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New Book Looks At The Struggles Teachers Faced Throughout History

New Book Looks At The Struggles Teachers Still Face Throughout History

There are plenty of topics to discuss in education. From Common Core to the evaluation of teachers, hundreds of educators and experts are debating on the best way to make schools a success.

In journalist Dana Goldstein's first book, "The Teacher Wars: A History of America's Most Embattled Profession," Goldstein goes against these common topics and summarizes a story in which a youthful nation tries to tackle a number of issues in the classroom, such as class, race, religion, and gender, reported The New York Times.

Writer Alexander Nazaryan said it is impossible to hate the book, and if he were still a teacher, he would leave his "tattered copy by the sputtering Xerox machine."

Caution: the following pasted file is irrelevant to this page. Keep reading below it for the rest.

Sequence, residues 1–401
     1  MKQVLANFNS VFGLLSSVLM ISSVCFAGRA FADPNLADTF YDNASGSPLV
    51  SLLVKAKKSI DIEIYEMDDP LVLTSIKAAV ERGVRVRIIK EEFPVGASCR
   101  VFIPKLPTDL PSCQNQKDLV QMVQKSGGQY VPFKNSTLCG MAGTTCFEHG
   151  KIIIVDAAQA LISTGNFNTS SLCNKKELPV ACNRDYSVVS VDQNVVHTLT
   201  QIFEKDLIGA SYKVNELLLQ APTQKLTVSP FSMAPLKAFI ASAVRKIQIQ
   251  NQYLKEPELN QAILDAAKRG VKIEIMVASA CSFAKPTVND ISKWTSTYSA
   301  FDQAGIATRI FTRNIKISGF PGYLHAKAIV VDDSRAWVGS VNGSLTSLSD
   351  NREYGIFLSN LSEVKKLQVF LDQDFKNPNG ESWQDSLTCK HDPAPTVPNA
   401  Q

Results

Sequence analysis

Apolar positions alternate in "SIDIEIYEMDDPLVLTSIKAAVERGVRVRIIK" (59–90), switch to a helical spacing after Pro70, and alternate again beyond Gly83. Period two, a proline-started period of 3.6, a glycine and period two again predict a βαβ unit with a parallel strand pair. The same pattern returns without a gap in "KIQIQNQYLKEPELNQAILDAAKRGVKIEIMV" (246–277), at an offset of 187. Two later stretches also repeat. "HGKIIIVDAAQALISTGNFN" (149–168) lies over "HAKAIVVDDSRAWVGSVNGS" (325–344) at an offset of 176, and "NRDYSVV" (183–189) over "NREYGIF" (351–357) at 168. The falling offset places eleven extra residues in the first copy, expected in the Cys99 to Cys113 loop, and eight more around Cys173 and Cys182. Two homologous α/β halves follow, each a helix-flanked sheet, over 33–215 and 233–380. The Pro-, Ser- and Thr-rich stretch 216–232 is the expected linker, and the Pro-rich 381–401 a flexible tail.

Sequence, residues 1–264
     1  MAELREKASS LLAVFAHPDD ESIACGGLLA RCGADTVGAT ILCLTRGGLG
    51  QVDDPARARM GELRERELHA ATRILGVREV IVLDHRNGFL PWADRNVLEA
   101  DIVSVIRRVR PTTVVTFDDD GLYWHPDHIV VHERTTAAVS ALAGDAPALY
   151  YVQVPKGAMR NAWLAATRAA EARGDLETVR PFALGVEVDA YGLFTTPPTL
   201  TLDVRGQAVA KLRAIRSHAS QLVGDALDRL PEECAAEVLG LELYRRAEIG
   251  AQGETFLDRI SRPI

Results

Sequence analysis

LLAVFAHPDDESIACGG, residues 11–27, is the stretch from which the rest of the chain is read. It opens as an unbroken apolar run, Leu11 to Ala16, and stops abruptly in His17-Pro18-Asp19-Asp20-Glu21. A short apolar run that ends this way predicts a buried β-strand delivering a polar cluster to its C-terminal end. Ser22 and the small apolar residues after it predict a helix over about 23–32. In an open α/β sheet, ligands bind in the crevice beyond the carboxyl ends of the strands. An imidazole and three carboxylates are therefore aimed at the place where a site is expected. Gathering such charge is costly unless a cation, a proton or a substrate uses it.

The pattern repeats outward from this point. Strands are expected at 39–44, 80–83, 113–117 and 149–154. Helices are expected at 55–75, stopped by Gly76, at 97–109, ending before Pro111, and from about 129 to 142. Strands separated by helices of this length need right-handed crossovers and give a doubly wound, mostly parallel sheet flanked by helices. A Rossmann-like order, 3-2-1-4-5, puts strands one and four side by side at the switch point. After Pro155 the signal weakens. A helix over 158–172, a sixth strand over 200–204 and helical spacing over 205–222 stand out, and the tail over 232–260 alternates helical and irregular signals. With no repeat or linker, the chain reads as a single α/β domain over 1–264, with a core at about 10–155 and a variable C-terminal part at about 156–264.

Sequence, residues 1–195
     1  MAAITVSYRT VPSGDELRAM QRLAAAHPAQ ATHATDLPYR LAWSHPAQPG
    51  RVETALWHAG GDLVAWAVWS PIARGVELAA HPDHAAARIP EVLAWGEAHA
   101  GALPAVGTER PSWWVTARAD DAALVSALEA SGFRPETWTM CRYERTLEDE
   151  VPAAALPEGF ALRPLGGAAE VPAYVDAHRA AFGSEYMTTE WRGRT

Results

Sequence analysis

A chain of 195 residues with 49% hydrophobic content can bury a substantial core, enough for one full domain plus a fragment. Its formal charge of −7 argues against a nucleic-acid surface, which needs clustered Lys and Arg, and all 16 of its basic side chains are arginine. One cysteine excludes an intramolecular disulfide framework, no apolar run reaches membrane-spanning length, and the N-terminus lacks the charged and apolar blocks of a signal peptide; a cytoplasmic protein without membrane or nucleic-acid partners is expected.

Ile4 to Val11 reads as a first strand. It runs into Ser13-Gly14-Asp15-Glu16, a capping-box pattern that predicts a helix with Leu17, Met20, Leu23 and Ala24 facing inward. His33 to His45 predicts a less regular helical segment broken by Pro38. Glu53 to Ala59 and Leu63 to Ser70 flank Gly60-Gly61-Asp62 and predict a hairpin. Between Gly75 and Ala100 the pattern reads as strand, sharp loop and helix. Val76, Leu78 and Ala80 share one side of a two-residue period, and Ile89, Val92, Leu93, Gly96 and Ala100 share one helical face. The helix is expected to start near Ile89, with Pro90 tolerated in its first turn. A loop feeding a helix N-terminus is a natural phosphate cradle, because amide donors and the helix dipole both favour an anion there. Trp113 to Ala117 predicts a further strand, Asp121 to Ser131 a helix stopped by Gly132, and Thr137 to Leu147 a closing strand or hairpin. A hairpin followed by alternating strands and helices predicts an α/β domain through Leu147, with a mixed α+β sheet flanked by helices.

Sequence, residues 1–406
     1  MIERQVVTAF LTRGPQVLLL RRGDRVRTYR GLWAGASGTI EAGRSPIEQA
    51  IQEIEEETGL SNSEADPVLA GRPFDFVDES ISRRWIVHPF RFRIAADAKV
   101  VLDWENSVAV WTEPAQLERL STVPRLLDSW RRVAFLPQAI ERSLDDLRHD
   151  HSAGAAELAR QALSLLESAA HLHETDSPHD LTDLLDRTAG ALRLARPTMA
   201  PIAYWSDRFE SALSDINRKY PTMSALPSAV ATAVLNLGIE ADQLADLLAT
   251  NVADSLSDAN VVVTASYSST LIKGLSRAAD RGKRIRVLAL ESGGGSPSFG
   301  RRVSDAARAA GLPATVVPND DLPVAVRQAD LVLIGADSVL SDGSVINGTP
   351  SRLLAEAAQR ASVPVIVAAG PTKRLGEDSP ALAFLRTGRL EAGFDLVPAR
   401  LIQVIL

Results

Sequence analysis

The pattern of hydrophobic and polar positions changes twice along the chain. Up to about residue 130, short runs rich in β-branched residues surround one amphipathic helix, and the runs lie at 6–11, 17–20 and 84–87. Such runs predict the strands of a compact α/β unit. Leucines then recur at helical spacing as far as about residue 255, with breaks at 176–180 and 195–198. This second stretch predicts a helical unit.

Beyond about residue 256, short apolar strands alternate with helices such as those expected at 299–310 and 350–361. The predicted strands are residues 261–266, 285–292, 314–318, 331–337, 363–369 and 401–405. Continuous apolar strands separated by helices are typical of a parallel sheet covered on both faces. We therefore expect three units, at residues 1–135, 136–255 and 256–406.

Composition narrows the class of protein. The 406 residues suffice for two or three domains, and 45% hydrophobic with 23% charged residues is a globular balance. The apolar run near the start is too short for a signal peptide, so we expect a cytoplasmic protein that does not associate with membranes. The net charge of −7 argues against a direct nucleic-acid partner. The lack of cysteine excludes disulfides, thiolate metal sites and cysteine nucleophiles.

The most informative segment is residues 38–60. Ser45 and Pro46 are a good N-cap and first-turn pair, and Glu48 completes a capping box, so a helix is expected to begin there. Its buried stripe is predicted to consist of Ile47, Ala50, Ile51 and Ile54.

Goldstein ties in journalism with the history of education starting in the early 19th century when American classrooms were "presided over by, 'coarse, hard, unfeeling men.'" She then works into the early 20th century when education saw the rise of teacher unions, and mentions statistics covering professional development, lack of rewards for teachers, low salaries, and more. 

 “Watching a great teacher at work can feel like watching a magic show,” Ms. Goldstein writes after visiting an elementary school in Newark, the Times said.

"Her book is, above all, a tribute to these magicians, a plea for more wizards in the classroom," Nazaryan said. 

Read the full story. 

Article by Kassondra Granata, EducationWorld Contributor

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